Cyndi and Cameron Dieterich never imagined they’d be spending the bulk of their newlywed years in Cave Springs, Arkansas.
Yet that’s exactly what happened.
It all started with a job offer.
Cyndi, 36, was working in Seattle for a major wine production company when an executive called to offer her a promotion.
A sales director position had opened up, servicing the company’s biggest buyer, Wal-Mart.
The position came with a big title change and a raise, but there was a catch: The job was in northwest Arkansas, where Wal-Mart is headquartered.
“He said to me, ‘I’m pretty sure I know the answer to the question, and I think it’s going to be no,'” she recalled.
But for Cyndi and Cameron, 37, the decision wasn’t so obvious.
The couple had $60,000 in combined consumer debt. With an additional $76,000 in student loans and a mortgage, their net worth was negative.
On one hand, Arkansas would offer a fast financial recovery due to its low cost of living and affordable housing. It ranked as the fourth-least expensive state to live in 2017, according to CNBC’s annual Top States for Business study.
A downside, though, was that access to the arts and culture would be more difficult, and Cyndi and Cameron would be giving up on the quality of life they’d become accustomed to in a major metropolitan area.
Ultimately, the appeal of Arkansas outweighed the negatives.
Cyndi called her company back.
“The answer’s not ‘no,'” she said.
A history of spending
Cyndi and Cameron met in Los Angeles in 2011. They’d each found their way to the city many years earlier.
For Cameron, a television producer, Hollywood called to him right out of college.
“I had the itch to go work in the entertainment industry. So as soon as I graduated, I packed up my Nissan Sentra and my dad and I drove to Burbank, California,” he said.
Cyndi’s path was less direct. She’d lived in Minnesota, Colorado and Oregon before moving to Los Angeles in 2010.
Once there, each fell in love with the city despite its high cost of living.
When rent was tight one month, they’d use a credit card to pay for food. If they needed to fly home for Thanksgiving, the plane ticket would get bought on credit.
“It was just kind of survival,” Cyndi said.
It wasn’t until the pair got married in 2013 that they decided to get serious about their finances.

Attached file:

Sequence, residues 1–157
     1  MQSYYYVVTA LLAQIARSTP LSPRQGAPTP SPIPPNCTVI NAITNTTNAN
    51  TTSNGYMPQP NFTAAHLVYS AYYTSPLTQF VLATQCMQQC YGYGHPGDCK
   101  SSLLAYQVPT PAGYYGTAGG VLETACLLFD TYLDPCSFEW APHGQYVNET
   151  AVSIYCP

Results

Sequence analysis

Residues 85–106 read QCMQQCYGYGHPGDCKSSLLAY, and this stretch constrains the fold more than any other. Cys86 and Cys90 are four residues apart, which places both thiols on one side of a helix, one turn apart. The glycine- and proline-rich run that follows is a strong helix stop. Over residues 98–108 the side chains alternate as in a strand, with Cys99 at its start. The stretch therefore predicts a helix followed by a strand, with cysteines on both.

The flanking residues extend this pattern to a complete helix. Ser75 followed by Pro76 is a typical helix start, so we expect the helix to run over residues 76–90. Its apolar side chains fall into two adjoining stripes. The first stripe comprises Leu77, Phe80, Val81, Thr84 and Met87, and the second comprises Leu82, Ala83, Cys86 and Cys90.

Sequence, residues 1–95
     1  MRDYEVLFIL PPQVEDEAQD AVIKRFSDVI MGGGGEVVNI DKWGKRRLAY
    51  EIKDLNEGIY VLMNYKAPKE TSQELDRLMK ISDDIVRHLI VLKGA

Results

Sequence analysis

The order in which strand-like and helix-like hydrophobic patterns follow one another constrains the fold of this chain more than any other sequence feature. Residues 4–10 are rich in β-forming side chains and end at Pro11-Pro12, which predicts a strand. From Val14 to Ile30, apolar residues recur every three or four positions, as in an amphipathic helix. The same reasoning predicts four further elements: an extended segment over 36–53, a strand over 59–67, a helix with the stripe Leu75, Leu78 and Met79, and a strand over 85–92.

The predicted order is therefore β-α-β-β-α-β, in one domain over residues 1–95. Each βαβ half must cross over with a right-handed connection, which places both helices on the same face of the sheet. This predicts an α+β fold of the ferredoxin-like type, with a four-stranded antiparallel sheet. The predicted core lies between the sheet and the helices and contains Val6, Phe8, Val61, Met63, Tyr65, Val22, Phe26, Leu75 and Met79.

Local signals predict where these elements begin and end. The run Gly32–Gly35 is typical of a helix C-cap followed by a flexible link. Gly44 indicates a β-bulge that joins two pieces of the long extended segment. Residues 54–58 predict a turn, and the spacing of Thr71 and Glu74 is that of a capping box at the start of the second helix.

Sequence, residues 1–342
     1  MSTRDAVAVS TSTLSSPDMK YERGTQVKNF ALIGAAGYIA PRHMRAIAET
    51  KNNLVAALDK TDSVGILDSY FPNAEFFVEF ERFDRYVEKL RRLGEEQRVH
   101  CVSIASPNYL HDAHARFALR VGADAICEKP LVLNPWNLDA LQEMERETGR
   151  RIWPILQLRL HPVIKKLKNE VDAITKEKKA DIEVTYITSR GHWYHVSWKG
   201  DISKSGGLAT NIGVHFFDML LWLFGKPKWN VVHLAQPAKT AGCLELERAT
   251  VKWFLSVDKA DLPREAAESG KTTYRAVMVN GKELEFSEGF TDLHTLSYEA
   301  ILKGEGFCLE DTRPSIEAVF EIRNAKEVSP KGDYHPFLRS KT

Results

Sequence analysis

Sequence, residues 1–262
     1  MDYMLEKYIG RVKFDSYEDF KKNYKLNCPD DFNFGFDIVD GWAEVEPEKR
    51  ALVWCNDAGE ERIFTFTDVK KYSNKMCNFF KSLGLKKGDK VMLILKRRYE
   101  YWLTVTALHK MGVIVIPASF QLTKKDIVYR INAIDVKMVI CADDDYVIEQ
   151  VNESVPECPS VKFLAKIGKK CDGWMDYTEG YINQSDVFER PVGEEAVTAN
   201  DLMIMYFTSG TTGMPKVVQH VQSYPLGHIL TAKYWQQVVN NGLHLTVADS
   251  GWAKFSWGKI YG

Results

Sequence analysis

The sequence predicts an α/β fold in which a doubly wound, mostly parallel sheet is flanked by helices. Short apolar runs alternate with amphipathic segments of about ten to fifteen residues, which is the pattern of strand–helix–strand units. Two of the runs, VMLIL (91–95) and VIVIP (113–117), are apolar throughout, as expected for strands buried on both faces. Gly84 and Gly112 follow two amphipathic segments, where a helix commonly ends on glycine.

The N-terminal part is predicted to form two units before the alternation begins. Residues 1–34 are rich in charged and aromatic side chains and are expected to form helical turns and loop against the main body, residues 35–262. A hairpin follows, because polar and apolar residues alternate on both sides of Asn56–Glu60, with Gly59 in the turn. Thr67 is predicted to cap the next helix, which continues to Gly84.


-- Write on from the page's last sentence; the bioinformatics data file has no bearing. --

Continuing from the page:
They hired Sophia Bera, a certified financial planner who specializes in advising clients in their 20s and 30s.
Bera set the couple straight.
“I think what Sophia said to us after she looked at our finances initially was, ‘You have some work to do.’ Which we knew,” said Cyndi.
Arkansas would help them get that work done, but money wasn’t the only impetus for the move.
Cyndi and Cameron were hoping to grow their family, and they felt Arkansas would be a good place to raise a baby.
Moving had financial risks, too. Cameron would have to quit his job.
The couple’s Seattle home became key to quelling any financial concerns they had about the move.
Even though Cyndi and Cameron had lived there only for 1½ years, the house had appreciated significantly. They were able to close on the home and walk away with some cash.
“We would have thought, ‘Hey, let’s put that money into the new house so we have a lower payment,'” said Cameron.
Bera encouraged them to only put down 5 percent on the Arkansas house and aggressively pay down their high-interest consumer debt instead. Following her advice, the couple paid off $50,000 of their debt and refinanced one of their car loans to 2.99 percent from 6 percent.
Things got more complicated when Cyndi gave birth to Oliver. The baby was born with a congenital heart condition called Tetralogy of Fallot and would need heart surgery at age 6 months. Cameron postponed his job search to focus on caring for Oliver.
“Having a child with a congenital heart defect, there’s inherently expense there. We were able to get through the first year with him and focus solely on getting him where he needed to be from a health perspective and just pay the bills that we needed to pay to take care of him,” said Cyndi.
Oliver’s health costs wouldn’t have been any different had the couple stayed in Seattle.
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Because they have insurance through Cyndi’s company, the couple had the luxury of choosing where Oliver’s heart surgery would be performed — and they could have chosen anywhere in the United States. Ultimately, they selected a surgeon in Houston.
But they say that overall child-care costs, like day care, clothes, and food, are much less expensive in Arkansas and helped offset some of the out-of-pocket health costs.
The long-term plan
Despite the challenges of a move, heath-care costs, unemployment and child expenses, Cameron and Cyndi still managed to increase their net worth that first year in Arkansas.
Today, their finances are even stronger. The Dieterichs have eliminated all $60,000 of their consumer debt and are steadily decreasing their outstanding student loans.
On top of that, Oliver is healthy and Cameron is working at a creative agency as a producer.
In many ways, Arkansas’ affordability is to thank for their swift financial success.
Still, the Dieterichs say they may not live in Arkansas forever.
But they do see the state as a key player in allowing them to triple their savings account and grow their family. And for now, they’re enjoying it.
“I think overall we are still pleasantly surprised that we like it here,” said Cameron. “It’s where our family started, where our child was born and no matter where we end up as we go through life, we’re going to have very fond memories of our time here.”
Video by: Sophie Bearman, Qin Chen, Kyle Walsh